The outcome of Desborough’s second trial on 23 September 1647 before chief justice John Godbold is not known. Pye, who died in 1657, was acquitted. Burbush’s fate is not recorded.

The small cathedral city of Ely, situated at the centre of a region dubbed by Thomas Edwards ‘that Island of Errors and Sectaries’, had long held a reputation for radical independence and religious extremism. In the late 1630s, it was further politicised and radicalised by the brief episcopate of bishop Matthew Wren, translated from Norwich in 1638. Wren’s commitment to the Laudian cause undoubtedly alienated many in the town. In 1641 it was alleged that while Wren was officiating one Saturday in the cathedral, a woman named Elizabeth Bancroft preached behind him that ‘it was fit upon Sunday to Sacrifice the Popes Bird [i.e.Wren] upon his own Altar’. By September 1640, there were rumours circulating in Essex that ‘an unruly company’ had sworn to kill the bishop, and within a year it was reported in Norfolk and surrounding areas that the region was ‘full of warrants for certificates against Bishop Wren’. Impeached and imprisoned by Parliament, Wren continued until at least 1645 to attempt to administer his diocese. In the mean time, his authority in the city rapidly declined. On 30 August 1642 the episcopal palace at Ely was ransacked, and within a few years many of his closest acolytes were removed. By the time of the witch trials, Ely had become a centre for puritanical reform and radical sectarianism as the various factions and supporters of Parliament contended for power. In early 1645, for example, Laurence Clarkson visited Ely in search of two seekers, William Sedgwick and William Erbery, who were said to inhabit the town. Two years later, at the height of the witch scare, Sedgwick declared that Christ would come to judgement within a forthnight after he claimed to have been visited by the messiah in his study at Ely.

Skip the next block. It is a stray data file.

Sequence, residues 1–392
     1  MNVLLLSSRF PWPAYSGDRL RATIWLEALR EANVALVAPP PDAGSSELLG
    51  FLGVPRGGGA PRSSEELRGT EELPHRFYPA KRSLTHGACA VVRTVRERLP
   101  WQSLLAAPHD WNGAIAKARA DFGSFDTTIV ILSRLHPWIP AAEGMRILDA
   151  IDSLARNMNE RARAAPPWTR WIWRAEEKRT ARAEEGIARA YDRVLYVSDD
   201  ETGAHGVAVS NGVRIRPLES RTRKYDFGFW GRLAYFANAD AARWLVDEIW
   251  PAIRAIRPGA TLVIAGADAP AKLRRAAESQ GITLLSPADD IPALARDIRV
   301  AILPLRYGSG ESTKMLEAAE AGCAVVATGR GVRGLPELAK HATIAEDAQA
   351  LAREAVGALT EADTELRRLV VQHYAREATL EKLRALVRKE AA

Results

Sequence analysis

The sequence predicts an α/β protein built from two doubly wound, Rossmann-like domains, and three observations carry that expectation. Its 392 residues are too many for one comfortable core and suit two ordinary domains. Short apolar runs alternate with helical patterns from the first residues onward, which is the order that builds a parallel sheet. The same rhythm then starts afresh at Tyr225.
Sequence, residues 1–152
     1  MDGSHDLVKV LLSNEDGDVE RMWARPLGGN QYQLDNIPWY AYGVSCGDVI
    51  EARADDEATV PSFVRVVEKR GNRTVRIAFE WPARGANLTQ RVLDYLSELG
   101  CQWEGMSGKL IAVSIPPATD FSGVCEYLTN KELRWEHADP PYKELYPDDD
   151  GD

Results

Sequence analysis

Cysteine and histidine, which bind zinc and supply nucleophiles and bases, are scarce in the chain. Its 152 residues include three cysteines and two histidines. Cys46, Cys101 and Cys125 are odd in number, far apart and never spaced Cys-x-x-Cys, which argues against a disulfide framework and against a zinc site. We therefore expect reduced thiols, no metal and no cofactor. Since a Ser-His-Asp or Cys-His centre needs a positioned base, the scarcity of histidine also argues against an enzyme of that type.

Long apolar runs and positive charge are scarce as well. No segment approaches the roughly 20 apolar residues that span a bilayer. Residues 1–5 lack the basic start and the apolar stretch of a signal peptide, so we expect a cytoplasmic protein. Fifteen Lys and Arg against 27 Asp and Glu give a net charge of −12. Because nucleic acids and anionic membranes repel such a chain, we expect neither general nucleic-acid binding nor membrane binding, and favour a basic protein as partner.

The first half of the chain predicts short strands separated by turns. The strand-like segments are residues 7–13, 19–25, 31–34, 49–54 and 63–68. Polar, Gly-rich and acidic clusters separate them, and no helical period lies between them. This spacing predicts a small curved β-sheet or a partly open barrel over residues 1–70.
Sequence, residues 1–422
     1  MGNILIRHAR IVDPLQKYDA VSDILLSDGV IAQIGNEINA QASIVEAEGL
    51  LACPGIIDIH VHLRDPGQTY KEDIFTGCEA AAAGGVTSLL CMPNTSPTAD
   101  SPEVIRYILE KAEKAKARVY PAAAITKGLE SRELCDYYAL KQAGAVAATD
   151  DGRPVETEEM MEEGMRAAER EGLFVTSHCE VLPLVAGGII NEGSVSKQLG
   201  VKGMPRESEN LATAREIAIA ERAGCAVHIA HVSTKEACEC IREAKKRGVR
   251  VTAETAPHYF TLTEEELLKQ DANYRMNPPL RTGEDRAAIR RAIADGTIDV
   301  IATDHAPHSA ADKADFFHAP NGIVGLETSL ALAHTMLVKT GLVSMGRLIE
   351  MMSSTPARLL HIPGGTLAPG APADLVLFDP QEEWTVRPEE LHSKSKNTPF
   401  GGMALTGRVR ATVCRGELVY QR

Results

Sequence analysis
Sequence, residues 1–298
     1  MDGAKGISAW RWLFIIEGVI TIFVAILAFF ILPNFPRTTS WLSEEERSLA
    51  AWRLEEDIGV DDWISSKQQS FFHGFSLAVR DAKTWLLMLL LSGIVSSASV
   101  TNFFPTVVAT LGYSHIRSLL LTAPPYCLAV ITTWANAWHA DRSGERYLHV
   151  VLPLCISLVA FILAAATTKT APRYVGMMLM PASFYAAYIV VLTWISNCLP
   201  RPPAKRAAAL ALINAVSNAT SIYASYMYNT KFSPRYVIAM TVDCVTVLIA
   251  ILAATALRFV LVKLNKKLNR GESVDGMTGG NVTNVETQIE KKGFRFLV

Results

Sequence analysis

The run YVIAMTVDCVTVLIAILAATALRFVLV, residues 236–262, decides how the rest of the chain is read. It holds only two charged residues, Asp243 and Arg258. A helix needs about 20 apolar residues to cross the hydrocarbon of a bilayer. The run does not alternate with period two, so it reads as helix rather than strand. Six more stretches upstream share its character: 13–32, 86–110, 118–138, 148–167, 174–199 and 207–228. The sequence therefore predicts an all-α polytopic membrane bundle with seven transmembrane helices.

Of the three accused, Peter Burbush was a relative newcomer to Ely with his wife Agnes. Their two daughters were baptised in the parish of Ely St Mary’s in the early 1640s, but there is no early record of the Burbush’s marriage or any others of that name in the parish registers. Thomas Pye, who married in 1620, was widowed ten years later. Ann Smith (Anne Desborough) married Philip Desborough in 1619. There is no evidence linking her to the woman of the same name accused at Bythorn (q.v.) in nearby Huntingdonshire.